Share | 04/12/2022
Heathrow Airport is Europe’s busiest airport, and plans for a third runway – although currently on hold – will bolster the UK’s economy even more. As part of these ambitious design plans, Heathrow’s engineering team needed to develop a highly accurate 3D digital model of a 29 km2 area surrounding the existing airport.
We sat down with AgEagle’s global sales manager, Chris Thomson and the team at data visualization specialists Sensat, to hear how our eBee X fixed-wing drone helped to save £20m in costs and more than 100,000 project hours.
Operating next to a busy airport is a challenging environment for a drone. But traditional ground-based mapping methods weren’t feasible, as much of Heathrow’s surrounding area is privately-owned farmland. It would also be time-consuming to map such a large area on the ground – not to mention expensive. Keeping disruption to a minimum was key; the controversial nature of the project meant mapping needed to be safe and unobtrusive, without affecting normal airport operations.
Data processing would also be a potential challenge due to the scale of the site. More detailed, engineering-grade data was required compared to previous projects at Heathrow, and with various stakeholders involved, a better way of sharing the information was needed.
In the first project of this scale, Sensat chose to map the area using fixed-wing drones. The team picked fixed-wing systems over quadcopters, to achieve better coverage on a single flight using only Extended Visual Line of Sight (EVLOS) permissions. The chosen drone also needed to be reliable and easy to operate. Plus, being able to capture the required data in a shorter timeframe would also help minimize interference with other air traffic.
The Sensat team already knew our eBee system well and selected the eBee X fixed-wing drone after it proved to be reliable on similar high-risk missions. And with the eBee X’s superior endurance and eBee series S.O.D.A., a sensor optimized for drone applications and photogrammetry, they could benefit from longer flight times and improved accuracy, with sharper resolution images.
Mission parameters for eBee X were assigned in eMotion, our flight planning software, which allowed operators to easily set a circular working area as a barrier – preventing entry into restricted zones.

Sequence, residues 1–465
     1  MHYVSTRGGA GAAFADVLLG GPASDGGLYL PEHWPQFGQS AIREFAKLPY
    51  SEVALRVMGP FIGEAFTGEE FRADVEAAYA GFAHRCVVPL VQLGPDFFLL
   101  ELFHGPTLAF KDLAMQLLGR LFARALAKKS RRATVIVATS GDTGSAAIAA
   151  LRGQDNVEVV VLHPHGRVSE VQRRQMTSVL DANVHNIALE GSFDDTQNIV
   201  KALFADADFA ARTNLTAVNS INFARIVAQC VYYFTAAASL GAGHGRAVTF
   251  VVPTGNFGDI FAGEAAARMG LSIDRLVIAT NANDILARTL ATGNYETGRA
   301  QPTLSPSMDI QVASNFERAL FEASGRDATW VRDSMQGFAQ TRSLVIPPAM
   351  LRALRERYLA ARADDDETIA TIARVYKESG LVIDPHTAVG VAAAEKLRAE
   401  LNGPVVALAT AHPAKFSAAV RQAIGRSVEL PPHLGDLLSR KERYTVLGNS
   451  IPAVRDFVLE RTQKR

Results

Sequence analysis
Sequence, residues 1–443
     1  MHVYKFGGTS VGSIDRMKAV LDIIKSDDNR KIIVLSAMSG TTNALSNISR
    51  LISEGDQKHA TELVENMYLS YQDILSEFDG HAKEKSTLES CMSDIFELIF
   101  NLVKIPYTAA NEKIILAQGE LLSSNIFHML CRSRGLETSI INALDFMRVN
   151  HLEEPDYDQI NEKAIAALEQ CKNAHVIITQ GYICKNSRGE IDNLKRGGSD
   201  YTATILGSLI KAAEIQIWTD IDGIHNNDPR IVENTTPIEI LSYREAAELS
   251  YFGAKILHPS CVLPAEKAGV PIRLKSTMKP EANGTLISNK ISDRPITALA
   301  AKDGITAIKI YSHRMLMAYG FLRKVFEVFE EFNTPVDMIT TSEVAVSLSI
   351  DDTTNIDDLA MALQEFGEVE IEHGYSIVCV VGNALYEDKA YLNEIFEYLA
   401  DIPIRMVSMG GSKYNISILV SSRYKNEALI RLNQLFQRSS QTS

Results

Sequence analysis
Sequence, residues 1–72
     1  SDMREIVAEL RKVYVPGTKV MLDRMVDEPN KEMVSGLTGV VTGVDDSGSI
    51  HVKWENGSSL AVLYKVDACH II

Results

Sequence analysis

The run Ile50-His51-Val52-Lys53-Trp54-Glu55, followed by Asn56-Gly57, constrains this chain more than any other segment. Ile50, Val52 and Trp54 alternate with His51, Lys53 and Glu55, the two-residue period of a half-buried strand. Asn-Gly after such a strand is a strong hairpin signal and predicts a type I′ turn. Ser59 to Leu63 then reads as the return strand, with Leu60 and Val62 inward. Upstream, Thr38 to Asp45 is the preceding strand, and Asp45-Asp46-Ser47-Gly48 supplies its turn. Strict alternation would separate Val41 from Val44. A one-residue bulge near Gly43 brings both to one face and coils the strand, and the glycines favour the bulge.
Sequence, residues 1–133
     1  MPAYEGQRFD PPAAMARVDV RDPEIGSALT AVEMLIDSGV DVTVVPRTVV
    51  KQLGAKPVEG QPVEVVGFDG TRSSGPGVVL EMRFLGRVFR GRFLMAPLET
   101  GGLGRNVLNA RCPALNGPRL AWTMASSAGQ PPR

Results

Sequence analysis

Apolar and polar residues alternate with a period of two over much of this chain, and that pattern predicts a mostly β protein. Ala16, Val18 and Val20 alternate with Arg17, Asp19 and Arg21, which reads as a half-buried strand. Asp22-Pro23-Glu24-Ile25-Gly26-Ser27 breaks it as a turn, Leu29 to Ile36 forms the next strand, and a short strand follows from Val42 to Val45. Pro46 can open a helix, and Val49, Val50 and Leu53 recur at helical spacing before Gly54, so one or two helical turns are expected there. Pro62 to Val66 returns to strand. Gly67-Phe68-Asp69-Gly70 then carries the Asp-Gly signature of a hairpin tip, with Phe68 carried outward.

By working closely with National Air Traffic Services (NATS), Heathrow Control Tower, Airfield Operations, airport security and the local police forces, the eBee X could fly unrestricted to capture the necessary data without safety incidents or interruption to normal airport operations.
Using a fixed-wing drone was a valuable resource-saver. Only two operators were needed for low-risk areas, while a minimum of three people were required where it was a higher risk, including a spotter for the runway. Although there were limitations to when flights could take place, the data was captured in just 16 site days – without any need for land access approval.
The results helped the team to create a high-density point cloud, digital surface model (DSM), orthomosaic and 3D mesh – totaling 19 billion data points. This information was then shared on Sensat’s cloud-based platform, to be used as a digital native workspace for multiple shareholders at Heathrow and the design team to collaborate. Integrating the data with CAD and BIM also helped to provide more detail, speeding up the design process and reducing the risk for errors.
Using fixed-wing drones was a game-changer for the Heathrow expansion project, enabling a large area to be surveyed faster and more cost-effectively than typical on-the-ground methods. What’s more, the team could survey the site without gaining land access permissions, which would be lengthy and more dangerous.
The eBee X proved to be the ideal solution for mapping such a complex, high-risk site. When the expansion plans restart following legal approvals, Sensat plans to use the eBee X again to gather more insights. Could fixed-wing drones pave the way for future infrastructure to be designed and developed in a similar way? We think so!
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